Baltimore's War on Blunts

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reason contributor Jacob Grier has some sharp words for Baltimore's proposed ban on the individual sale of cheap cigars, a law that would force customers to buy their Phillies and El Productos in packs of five or more. "These cigars pose every bit of the risk that cigarettes do," city Health Commissioner Joshua Sharfstein declared at the press conference announcing the proposal. "It's a small but important step to reducing the incredible toll tobacco takes on the people of Baltimore." Or as Grier puts it, "In other words, upper class people can responsibly choose to smoke a cigar, but poor people need to have choices taken away from them."

Might the city also be trying to subtly expand the war on drugs? After all, does anybody actually smoke those things without adding a little something extra?

Whole thing here. Jacob Sullum on "those crazy kids and their cigars" here.

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  1. After all, does anybody actually smoke those things without adding a little something extra?

    Oh man, those things are nasty. Why anyone would suck on smoldering cardboard is quite beyond me I’m sure. Adding a little something makes even less sense. Like having a bottle of vodka and going “Hey I know! Let’s mix this with dishwater!”.

  2. Sounds like a good place to set up a loosies business.

  3. So instead of buying one, can’t they just buy 5 or more, simply delaying the time they need to hit the store for another one? What a moronic law.

  4. Won’t this, in effect, increase drug use? Now those vile Baltimorians will have to smoke five blunts instead of just one.

    If someone has the $40 or so to buy a nice fat bag of interstate commerce for blunts, do they really think the same guy can’t cough up the extra $1.68 for a five pack.

    Has the world gone completely fucking insane?

  5. I’m curious as to how they’re going to prevent some entrepreneurial spirit from buying five-packs and then selling the individual cigars.

  6. I don’t know about Phillies Blunts, but Swisher Sweets need to be outlawed just out of principle. That sickly smell is something no one should be forced to endure.

  7. Aren’t those things dirt cheap? 5 times super cheap = still really cheap.

    You know, people (not me, of course) sometimes buy a 40 of malt, which is cheap and effective. Maybe they can force me…uh, people to buy 5 at once. That would cut down on drinking, just like the cigar plan would somehow cut down on smoking, right?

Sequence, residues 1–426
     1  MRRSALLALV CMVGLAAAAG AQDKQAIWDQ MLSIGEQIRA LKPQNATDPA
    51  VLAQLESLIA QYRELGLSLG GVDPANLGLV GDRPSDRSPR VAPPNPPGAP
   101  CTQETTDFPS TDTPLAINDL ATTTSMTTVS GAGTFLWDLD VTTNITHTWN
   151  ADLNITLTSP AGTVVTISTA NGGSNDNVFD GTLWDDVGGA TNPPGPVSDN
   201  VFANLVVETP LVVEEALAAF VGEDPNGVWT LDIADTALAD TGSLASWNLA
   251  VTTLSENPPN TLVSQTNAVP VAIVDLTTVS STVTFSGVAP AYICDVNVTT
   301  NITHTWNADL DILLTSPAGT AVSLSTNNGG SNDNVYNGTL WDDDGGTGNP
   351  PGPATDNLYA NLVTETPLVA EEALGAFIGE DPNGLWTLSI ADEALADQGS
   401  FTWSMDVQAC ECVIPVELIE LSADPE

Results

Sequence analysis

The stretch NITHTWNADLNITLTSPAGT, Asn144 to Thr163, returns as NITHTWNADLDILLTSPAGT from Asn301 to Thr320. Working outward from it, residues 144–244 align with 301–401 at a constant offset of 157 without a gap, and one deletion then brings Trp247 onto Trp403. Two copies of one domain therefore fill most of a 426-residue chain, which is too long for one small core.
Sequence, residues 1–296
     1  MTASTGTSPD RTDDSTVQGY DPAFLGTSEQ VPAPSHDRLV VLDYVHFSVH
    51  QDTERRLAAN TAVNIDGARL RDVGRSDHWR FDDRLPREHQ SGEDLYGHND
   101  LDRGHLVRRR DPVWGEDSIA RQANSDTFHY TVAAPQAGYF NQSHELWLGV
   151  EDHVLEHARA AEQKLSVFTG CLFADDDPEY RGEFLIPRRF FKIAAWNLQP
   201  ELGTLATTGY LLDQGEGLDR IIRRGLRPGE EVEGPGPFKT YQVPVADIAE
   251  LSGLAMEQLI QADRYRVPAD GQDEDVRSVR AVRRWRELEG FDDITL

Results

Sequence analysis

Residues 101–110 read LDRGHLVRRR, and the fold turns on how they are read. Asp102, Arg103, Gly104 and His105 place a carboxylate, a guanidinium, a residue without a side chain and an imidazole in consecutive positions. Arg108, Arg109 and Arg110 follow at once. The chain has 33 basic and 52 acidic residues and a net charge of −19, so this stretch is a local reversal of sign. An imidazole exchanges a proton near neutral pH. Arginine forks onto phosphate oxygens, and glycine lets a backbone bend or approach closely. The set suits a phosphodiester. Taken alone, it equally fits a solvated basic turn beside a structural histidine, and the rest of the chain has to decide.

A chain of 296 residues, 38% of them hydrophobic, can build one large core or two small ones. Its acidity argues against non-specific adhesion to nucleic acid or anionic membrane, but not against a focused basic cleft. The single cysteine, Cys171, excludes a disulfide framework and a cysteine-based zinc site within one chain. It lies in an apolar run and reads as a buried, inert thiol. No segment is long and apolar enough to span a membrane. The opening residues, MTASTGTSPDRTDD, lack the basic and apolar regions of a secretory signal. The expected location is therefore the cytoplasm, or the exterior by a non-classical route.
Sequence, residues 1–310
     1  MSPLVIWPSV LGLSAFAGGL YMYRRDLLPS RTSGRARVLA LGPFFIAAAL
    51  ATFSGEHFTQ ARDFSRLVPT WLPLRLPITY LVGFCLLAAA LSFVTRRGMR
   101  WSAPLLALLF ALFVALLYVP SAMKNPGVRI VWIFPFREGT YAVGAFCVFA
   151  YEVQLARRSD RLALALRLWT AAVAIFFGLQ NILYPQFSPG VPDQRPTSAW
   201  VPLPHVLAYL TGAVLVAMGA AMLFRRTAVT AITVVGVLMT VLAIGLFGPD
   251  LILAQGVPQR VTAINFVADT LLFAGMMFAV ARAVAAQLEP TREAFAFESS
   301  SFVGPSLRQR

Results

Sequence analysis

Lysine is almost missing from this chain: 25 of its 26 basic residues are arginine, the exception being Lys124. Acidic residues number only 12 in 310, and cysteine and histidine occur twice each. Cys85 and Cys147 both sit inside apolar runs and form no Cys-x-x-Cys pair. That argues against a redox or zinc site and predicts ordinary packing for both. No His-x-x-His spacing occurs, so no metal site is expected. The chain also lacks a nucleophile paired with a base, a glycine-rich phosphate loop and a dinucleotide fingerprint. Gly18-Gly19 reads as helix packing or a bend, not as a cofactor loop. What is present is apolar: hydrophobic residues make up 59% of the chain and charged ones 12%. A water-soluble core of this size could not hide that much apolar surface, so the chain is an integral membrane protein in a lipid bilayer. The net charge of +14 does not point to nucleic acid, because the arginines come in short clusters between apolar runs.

8. So instead of buying one, can’t they just buy 5 or more, simply delaying the time they need to hit the store for another one?

    I think you underestimate just how badly some people manage their money. That said, it’s not my (or anyone else’s) business to “correct” that through some stupid law.

  9. Anything that helps the cops to keep America’s children off of the pot is inherintly a good thing, I’m all for it.

  10. swisher sweets are horrible.

    Adding a little something makes even less sense.

    well, it burns more slowly and most of the actual blunt is removed, so you can uh entertain large groups of people on an equivalent budget. uh, as it were.

  11. so you can uh entertain large groups of people on an equivalent budget. uh, as it were

    Dude, that’s what party bowls are for. Come on.

  12. there are certain racial and class differences in how people actually regulate interstate commerce, i think, and blunts appear more often in urban areas, certain portions of the music industry and the like, whereas the colorfully named “party bowl” is not.

  13. Put that blunt down, just for a second. Don’t get me wrong, it’s not a new method.

  14. reason contributor Jacob Grier has some sharp words for Baltimore’s proposed ban on the individual sale of cheap cigars

    Another disappointment from the Carcetti administration.

  15. Aside from being repurposed for glaucoma treatment, I always assumed these were chompin’ cigars, not smoking ones.

  16. “These cigars pose every bit of the risk that cigarettes do,”

    When you smoke them in bed.

    Or, possibly, when you smoke them too close to some crabby bastard like me.

    ———

    Like having a bottle of vodka and going “Hey I know! Let’s mix this with dishwater!”.

    Vodka’s made from dishwater, isn’t it?

  17. there are certain racial and class differences in how people actually regulate interstate commerce, i think, and blunts appear more often in urban areas, certain portions of the music industry and the like, whereas the colorfully named “party bowl” is not.

    dhex shoots, he SCOOOORES! Is it time again for an Anslinger quote?

  18. Let me know when it moves from “proposed” to “enacted.”
    Every day silly things are proposed.
    If all were enacted we’d be Zimbabwe by now.
    Or worse: England.

  19. I got…
    A bag of funk, I got…
    White Owl blunts and
    I’m about to go get lifted, said
    I’m about to go get lifted. I got…

    Myself a 40, I got…
    Myself a shorty, and
    I’m about to go and stick it, said